Irish High Court dismisses a fund's objection to proposed personal insolvency arrangements

The Irish High Court has allowed an appeal by a couple whose family home was facing repossession on foot of an investment fund objecting to the proposed personal insolvency arrangements (PIAs).

The investment fund, Shoreline Residential DAC, had a secured debt over the family home in the amount of €323,000, having acquired loans from the Irish Bank Resolution Corporation. Their Personal Insolvency Practitioner proposed that the €323,000 be written down to reflect the value of the house, which was around €190,000, along with fixing the interest rate to the end of the term of the mortgage. Shoreline Residential DAC objected heavily to these proposed PIAs, and as a result the Circuit Court refused to approve the PIA for the debtor couple.

The couple appealed the case to the High Court, which was allowed by the presiding Ms Justice Baker who considered two primary issues which arose in relation to the mortgage. The first issue concerned the PIAs’ proposal to extend the remaining mortgage term from 18 years to 27 years, by the end of which the husband would be 79, and the wife would be 68.

The second issue at hand was the fixed interest rate for the entire term of the mortgage at 3.65%, and that during the first 6 years of the PIA, interest only payments would be made on the mortgage. After the 6 years the interest rate of 3.65% would remain for the full term of the mortgage.

It was argued by Shoreline Residential that the proposed PIAs were unsustainable, and that it would not allow the debtors to return to solvency. They also contended that the PIAs unfairly prejudiced their interests.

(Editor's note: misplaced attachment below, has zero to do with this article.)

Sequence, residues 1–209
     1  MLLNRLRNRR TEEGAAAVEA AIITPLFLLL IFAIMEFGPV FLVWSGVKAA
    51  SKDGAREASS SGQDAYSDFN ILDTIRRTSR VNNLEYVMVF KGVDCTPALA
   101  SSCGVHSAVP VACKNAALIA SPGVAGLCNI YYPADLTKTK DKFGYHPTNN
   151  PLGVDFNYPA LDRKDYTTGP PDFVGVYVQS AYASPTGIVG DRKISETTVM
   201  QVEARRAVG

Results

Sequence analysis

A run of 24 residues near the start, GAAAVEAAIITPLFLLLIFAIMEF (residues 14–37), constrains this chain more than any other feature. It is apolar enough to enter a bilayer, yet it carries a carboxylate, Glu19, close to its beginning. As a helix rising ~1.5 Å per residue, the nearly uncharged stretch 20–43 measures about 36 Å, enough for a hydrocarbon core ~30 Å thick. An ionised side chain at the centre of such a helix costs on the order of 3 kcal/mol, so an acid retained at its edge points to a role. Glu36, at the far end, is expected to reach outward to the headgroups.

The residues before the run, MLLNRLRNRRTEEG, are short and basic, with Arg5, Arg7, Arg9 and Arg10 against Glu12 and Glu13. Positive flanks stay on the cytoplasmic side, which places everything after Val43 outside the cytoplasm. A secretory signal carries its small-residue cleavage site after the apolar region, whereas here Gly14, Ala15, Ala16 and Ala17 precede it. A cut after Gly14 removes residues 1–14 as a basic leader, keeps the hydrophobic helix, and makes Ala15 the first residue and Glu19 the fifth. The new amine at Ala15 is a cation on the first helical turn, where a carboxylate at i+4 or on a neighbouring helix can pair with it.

Dismissing these claims, Justice Baker found that the PIAs were sustainable during their term and into the forseeable future. She stated that on the couple’s current joint income of €3,112, and monthly outgoings of €3,022 they would be left with a surplus of €89 each month. The mortgage payment of €1,080 was included in those outgoings and was sustainable according to the PIP. Though the PIAs may “stretch” the debtors in later years, the Court was not willing to make assumptions on their ability to pay based on conjecture.

In rejecting arguments that the PIAs were unfairly prejudicial under the Personal Insolvency Act, Justice Baker stated that what is unfair will depend on the circumstances, including the likely return on bankruptcy, but a test of fairness invokes a comparison or comparative analysis and the principles of proportionality. A proposal in a PIA which disproportionally prejudices a creditor is likely to be unfair, and disproportion could be found if the likely result in bankruptcy, would be not just marginally better than under a proposed PIA, but materially so. The Court placed emphasis on the fact that Shoreline was an investment fund and not a lender, and accordingly the test of unfair prejudice regarding its interest must be seen in the light of investment returns and not the cost of the capital needs of the creditor in the future.

Justice Baker did not believe that the couple were obtaining a benefit from the PIAs, but rather the result would be a return to solvency, and they were likely to remain solvent, insofar as this can be reasonably predicted. Further, the Court saw preservation of the family for the couple and their children was likely to be more beneficial to the children than the sale of that home in a bankruptcy, and the move to rental accommodation, where security of tenure was not guaranteed.

Click here forthe judgment in Re: Hayes, a debtor.




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